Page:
• Criminal Syndicalism: laws that outlaw advocacy, planning, or processes aimed  at establishing the control over industry by workers or trade unions

- political repression continued after the war spurred on by distrust of European  immigrants and the rise of political efforts by socialist and communist groups

- the legal meaning of freedom of expression developed very little in the first 125  years after its adoption

- see pg. 59-60 to see modern considerations of the Sedition Act of 1918

D. The Smith Act

- Smith Act: a federal law adopted in 1940 that makes it illegal to advocate the  violent overthrow of the government

• the law was aimed directly at the Communist Party of the United States

• in 1951, the Supreme Court rejected the argument that the Smith Act violated  the First Amendment (7-2)


MC 401 Chapter 2 • in 1957, the Supreme Court ruled that the abstract notion of violence was not  enough to convict, instead there must be advocacy for actual action for the  forcible overthrow of the government (burden of proof)

• led to the practical demise of the Smith Act

- the Bill of Rights does not protect an individual who uses a public speech to  commit crimes

- the Patriot Act (2001) defines terrorism as any “attempt to intimidate or coerce a  civilian population” or change “the policy of government by intimidation or  coercion”

• closely resembles the traditional definition of sedition

• made it a crime to provide “expert advice or assistance” to terrorists, putting  free speech in conflict with the war on terror

E. Defining the Limits of Freedom of Expression

- in 1919 the Supreme Court and Justice Oliver Wendell Holmes ruled that  prosecution for sedition did not violate the First Amendment when the actions or  words used created a “clear and present danger” to society

• according to the Holmes test, Congress has the right to outlaw certain kinds of  conduct that might be harmful to the nation

- Justice Brandeis later made an effort to further define the meaning of clear and  present danger:

• to justify suppression of free speech there must be reasonable ground to fear  that serious evil will result if free speech is practice

• in order to support a finding of clear and present danger it must be shown  either that immediate serious violence was to be expected or was advocated,  or that the past conduct furnished reason to believe that such advocacy was  then contemplated

• Brandeis also believed that counter-speech is ideal compared to censorship  meaning discussion and education does more to prevent evil than enforced  silence

- Brandenburg v. Ohio: the constitutional guarantees of free speech and free press  do not permit a state to forbid or proscribe advocacy of the use of force or of law  


MC 401 Chapter 2 violation except where such advocacy is directed to inciting or producing  imminent lawless action and is likely to incite or produce such actions

• key words: “directed”, “imminent”, “lawless action”, and “likely”

• this test is often used in courts to determine whether an artifact of the media  (such as a movie or video game) plays some part in inciting the actual  perpetrator of the crime to commit illegal acts and if the producers of that  artifact should be held liable

- video games are protected by the First Amendment and therefore in order to  justify content-based regulation, the strict scrutiny standard must be satisfied

• Strict Scrutiny: the standard of judicial review for content-based statutes,  requiring the government to prove that it has a compelling interest in regulating  the speech at issue and that the means of serving that interest are narrowly  tailored such that no more speech is restricted than is necessary to serve the  allegedly compelling interest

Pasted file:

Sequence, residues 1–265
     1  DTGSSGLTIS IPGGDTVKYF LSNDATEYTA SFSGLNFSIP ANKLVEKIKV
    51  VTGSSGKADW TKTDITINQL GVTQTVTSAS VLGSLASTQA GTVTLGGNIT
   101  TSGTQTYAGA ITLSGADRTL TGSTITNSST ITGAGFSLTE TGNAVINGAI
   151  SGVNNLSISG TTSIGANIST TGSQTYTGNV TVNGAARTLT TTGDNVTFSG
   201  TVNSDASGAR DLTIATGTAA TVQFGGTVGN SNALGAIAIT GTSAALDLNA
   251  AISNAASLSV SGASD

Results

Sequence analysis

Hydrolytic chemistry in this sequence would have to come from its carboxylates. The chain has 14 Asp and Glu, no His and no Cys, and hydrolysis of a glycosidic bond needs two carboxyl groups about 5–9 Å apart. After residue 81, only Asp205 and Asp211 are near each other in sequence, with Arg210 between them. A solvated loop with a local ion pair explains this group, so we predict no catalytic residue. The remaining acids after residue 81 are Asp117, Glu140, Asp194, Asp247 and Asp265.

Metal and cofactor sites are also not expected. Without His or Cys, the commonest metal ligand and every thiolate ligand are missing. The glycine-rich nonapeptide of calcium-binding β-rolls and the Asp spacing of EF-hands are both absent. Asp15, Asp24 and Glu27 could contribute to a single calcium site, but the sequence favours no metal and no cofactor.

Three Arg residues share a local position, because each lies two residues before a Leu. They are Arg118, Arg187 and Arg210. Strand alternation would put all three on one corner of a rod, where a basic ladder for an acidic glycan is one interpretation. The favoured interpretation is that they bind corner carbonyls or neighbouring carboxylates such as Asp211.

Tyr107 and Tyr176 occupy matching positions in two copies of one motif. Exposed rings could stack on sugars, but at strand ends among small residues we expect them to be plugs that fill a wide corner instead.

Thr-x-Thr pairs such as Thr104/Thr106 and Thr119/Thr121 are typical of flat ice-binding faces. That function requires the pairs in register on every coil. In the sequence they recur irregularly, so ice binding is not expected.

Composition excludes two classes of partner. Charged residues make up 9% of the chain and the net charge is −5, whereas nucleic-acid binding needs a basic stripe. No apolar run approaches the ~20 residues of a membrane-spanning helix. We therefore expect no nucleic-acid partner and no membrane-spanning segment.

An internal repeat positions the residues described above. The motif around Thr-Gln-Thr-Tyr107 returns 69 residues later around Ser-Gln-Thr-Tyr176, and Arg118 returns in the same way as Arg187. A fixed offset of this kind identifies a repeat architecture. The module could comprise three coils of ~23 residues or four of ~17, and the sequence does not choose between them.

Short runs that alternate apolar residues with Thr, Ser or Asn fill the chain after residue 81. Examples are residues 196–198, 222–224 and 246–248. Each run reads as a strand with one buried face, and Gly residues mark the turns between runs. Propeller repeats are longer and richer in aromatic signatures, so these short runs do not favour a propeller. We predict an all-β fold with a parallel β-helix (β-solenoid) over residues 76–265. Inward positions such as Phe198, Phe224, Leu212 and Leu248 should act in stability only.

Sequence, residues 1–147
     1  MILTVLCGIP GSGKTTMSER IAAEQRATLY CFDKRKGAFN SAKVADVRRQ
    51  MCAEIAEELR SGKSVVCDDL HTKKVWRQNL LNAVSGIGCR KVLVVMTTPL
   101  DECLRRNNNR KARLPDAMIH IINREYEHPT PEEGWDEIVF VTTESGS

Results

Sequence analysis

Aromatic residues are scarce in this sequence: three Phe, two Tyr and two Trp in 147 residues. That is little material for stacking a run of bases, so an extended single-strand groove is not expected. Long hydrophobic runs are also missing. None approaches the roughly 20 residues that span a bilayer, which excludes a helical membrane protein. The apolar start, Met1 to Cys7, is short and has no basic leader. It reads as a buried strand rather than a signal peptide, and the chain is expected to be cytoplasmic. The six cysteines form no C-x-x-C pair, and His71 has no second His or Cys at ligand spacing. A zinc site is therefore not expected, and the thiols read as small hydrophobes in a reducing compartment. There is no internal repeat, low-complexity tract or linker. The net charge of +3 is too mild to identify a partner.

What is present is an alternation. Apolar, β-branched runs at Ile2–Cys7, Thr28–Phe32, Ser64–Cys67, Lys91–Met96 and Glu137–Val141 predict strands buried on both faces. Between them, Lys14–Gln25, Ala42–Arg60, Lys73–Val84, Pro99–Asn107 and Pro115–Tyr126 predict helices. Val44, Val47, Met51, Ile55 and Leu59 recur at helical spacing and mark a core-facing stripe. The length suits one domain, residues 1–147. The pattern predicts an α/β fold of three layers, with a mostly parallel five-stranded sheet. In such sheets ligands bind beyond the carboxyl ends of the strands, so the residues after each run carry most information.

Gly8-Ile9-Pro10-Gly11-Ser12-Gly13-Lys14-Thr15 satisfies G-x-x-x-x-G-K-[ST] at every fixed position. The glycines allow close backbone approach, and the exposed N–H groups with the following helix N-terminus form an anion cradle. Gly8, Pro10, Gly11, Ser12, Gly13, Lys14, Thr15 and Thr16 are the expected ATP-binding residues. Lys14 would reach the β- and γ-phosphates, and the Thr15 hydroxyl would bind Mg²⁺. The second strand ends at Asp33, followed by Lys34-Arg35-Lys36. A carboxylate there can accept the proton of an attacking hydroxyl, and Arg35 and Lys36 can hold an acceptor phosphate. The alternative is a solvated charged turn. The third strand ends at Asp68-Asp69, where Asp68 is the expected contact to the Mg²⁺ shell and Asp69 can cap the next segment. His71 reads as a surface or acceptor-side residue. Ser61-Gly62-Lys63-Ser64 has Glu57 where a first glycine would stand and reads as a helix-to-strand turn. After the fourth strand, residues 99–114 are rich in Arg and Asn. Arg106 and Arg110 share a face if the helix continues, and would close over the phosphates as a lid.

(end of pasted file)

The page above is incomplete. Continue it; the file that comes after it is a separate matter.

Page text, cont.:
- the First Amendment makes no mention of the restrictions states may place on  freedoms of expression

- in 1925 the Supreme Court linked the First Amendment to the Fourteenth  Amendment’s due process clause protecting the personal liberties of citizens  from impairment by the states

• essentially the decision protected the freedom of expression at the state level  by defining it as a “liberty” under the Fourteenth Amendment

• this paved the way for the rest of the Bill of Rights to be protected at the state  level by connection to the Fourteenth Amendment

IV. Prior Restraint

• most agree the guarantees of free speech and press were intended to bar the  government from exercising prior restraint

• the traditional principle in U.S. law is that courts will not issue an injunction stopping  the publication of an allegedly libelous statement before it occurs

- in other words, you can’t get a court to stop your local newspaper from printing  something bad about you - you can only sue them after the fact

• courts can issue prior restraints stopping publication by private parties of stolen  trade secrets or intellectual property


MC 401 Chapter 2 - the internet makes this incredibly difficult because if it is posted even for a  moment, the information could be duplicated on other sites, be downloaded, or  reposted elsewhere

- courts will generally not grant a prior restraint unless they will be effective in  preventing the alleged harm or injury (if it’s already out, they won’t issue)

• individuals or groups seeking a permit before engaging in protected speech is  essentially a prior restraint

• Rules of Prior Restraint:

- burden rests with the government to prove that prior restraint is justified - there must be compelling interest

- the scope of the prior restraint must be very narrow

- unprotected speech can be restrained only after a judicial proceeding determines  that the speech is in fact not protected by the First Amendment (ie. obscenity)

A. Near v. Minnesota

- in 1931, the U.S. Supreme Court ruled that under American law prior censorship  is permitted only in very unusual circumstances; it is the exception, not the rule

B. Pentagon Papers Case

- in a case involving the prior restraint of a publication, the government bears the  burden to justify such a restraint, even if the content may involve an issue of  national security

C. Progressive Magazine Case

- national security concerns may merit a prior restraint if compelling interest is  proven (this case never made it to the top ranks, the content was published  elsewhere making it irrelevant)

D. United States v. Bell

- the general principle of the First Amendment law that prior restraints bear a  heavy presumption against their constitutional validity does not apply to  restrictions on unprotected speech, including false or unlawful commercial  speech